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Format: Hardcover
When circumstances necessitate starting over, a mother and daughter purchase a falling-down house, which the mother believes is perfect because they can afford it. But soon they find themselves feeling isolated and defeated. Longing for their old neighborhood and friends, and overwhelmed by the repairs their new house needs, they finally realize they can't do everything alone--the only way to make things better is to ask for help. They both learn that when you reach out to the community, people answer with kindness. As the house gets rebuilt, so does their sense of hope and belonging.

A single mother and daughter need to move from their old neighborhood to a new house that cost less. They move to Thirty-Third Street. The daughter renames this Dirty-Third Street because all the houses look old and run down. Mom tells her the house is perfect, because we can afford it. To the daughter, the house just gets worse when she must empty it of trash before she can actually move her things in. They work hard on the house, until even mom gets discouraged and can no longer see through eyes of faith.

The daughter noticed a church, not far from the house, when they drove in. The next day, Sunday, they attend services at this neighborhood church. A call for prayer requests goes out and the daughter answers. She gives a short version of their current situation and asks for prayers that everything work out. Will the daughter's prayer request receive prayers? Will those prayers be answered?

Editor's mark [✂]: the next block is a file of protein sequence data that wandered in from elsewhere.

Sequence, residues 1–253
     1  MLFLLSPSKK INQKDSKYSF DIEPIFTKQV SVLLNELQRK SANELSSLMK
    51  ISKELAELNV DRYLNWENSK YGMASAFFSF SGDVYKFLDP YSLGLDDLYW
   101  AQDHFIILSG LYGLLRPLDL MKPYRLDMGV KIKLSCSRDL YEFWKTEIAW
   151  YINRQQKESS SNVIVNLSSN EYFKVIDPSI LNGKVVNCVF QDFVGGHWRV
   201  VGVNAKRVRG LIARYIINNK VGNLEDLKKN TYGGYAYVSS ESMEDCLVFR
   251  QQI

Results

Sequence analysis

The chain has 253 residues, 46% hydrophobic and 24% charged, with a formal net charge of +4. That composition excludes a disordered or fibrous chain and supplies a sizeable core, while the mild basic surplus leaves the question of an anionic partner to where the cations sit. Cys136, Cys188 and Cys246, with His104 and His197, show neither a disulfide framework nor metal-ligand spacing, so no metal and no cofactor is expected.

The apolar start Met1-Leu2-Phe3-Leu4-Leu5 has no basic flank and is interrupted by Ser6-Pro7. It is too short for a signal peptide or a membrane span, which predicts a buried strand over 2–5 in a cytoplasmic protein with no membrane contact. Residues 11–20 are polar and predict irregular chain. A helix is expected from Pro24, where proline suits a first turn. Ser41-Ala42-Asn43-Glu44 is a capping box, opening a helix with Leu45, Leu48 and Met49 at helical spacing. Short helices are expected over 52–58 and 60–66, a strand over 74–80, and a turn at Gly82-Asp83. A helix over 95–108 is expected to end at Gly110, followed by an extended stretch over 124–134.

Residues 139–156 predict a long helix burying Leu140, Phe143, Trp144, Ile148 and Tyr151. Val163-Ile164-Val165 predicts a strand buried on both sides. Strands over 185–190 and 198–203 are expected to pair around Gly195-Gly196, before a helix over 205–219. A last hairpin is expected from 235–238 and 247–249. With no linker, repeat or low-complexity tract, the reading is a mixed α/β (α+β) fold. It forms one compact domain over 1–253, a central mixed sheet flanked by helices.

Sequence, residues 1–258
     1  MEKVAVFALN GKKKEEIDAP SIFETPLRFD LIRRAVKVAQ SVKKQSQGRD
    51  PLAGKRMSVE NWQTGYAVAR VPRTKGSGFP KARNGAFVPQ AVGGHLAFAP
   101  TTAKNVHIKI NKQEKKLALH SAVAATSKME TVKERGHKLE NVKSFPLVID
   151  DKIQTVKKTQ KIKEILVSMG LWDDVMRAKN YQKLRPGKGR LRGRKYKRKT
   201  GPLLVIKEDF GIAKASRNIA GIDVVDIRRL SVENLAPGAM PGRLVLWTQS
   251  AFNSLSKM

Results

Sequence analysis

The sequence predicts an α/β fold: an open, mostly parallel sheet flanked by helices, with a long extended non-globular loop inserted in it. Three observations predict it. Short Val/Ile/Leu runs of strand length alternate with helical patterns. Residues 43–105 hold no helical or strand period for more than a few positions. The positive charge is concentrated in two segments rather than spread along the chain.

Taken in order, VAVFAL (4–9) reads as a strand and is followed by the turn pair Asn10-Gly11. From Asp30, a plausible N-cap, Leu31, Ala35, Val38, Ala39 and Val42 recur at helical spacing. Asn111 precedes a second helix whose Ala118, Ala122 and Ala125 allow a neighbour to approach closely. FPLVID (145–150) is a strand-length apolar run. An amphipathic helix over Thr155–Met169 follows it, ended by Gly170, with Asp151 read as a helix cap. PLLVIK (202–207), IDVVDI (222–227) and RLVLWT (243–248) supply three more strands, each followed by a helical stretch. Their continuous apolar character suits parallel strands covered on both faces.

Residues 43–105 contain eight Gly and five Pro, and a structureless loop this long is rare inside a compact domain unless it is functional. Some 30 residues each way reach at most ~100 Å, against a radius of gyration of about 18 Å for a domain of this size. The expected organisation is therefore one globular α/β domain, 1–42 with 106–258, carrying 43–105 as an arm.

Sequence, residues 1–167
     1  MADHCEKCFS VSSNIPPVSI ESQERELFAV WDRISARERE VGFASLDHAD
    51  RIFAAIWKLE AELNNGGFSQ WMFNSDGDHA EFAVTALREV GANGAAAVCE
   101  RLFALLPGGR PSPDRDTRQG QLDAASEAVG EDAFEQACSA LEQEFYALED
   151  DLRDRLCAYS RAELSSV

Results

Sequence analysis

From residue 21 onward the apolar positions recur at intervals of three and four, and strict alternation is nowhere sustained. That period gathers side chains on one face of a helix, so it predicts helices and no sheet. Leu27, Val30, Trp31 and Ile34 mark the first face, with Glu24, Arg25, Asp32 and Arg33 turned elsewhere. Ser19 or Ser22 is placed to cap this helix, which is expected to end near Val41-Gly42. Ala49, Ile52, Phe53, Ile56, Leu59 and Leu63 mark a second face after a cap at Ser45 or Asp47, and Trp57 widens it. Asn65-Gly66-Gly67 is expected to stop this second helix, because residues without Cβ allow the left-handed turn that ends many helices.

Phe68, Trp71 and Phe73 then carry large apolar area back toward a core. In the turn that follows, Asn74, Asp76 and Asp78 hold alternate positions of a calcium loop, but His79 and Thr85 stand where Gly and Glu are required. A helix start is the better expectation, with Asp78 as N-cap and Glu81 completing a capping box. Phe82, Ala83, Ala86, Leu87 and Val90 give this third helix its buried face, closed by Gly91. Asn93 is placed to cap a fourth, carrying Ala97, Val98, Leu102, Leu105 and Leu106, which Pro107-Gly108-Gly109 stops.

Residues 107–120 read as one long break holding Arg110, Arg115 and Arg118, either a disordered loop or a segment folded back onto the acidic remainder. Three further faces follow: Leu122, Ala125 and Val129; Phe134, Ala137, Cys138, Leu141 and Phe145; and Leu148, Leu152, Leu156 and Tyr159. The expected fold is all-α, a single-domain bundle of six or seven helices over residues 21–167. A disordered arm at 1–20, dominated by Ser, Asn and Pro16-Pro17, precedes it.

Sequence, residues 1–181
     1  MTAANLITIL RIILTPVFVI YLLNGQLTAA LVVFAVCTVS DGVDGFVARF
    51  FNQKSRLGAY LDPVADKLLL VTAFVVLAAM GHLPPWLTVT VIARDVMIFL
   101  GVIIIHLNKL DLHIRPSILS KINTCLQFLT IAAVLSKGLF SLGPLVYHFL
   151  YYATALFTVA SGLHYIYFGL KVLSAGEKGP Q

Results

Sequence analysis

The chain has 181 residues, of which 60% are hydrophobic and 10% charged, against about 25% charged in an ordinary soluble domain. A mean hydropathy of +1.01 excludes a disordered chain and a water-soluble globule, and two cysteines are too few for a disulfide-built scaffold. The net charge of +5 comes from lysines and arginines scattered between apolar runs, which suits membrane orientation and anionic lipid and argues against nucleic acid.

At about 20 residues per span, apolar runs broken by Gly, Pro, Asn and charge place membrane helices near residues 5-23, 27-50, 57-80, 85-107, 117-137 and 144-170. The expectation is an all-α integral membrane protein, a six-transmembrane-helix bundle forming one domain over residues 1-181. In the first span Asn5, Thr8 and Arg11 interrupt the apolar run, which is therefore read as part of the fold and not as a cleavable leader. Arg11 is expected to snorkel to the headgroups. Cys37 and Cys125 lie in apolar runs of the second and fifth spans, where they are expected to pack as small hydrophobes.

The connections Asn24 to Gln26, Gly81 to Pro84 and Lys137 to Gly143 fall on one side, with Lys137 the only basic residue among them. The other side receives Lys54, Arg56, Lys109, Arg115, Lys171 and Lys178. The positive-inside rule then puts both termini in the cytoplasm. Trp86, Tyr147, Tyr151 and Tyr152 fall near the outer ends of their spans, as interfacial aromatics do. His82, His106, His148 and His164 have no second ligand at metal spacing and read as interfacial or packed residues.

This is an interesting story. What I mean is, The House on Dirty-Third Street is told without ever giving an actual name to mom or her daughter. Any child, or adult, can read this, picturing themselves as the characters and claim the story as their own.
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Format: Hardcover
When a young girl and her mother make a new start in life at Thirty-Third Street, the young girl did not imagine they would be moving into a run-down house, but it is all her mother can afford at the time. The girl is so disappointed with their new 'home', she calls it the house on 'dirty-third street'. Her mother tries to lift her spirits by persuading the young girl to look at it "through eyes of faith."

Over a period of time, the task of remodeling the house gets so overwhelming that it is the mother whose spirits start to flag. Now, the daughter must lift her mother's spirits, and she manages to get the community to get together and help them out. The story is a simple one but has a great impact on readers - it is a timely reminder that much can be achieved with a strong sense of community. The illustrations are amazing and add vivid details to the story. This book can be used to start a meaningful discussion about the importance of faith and community.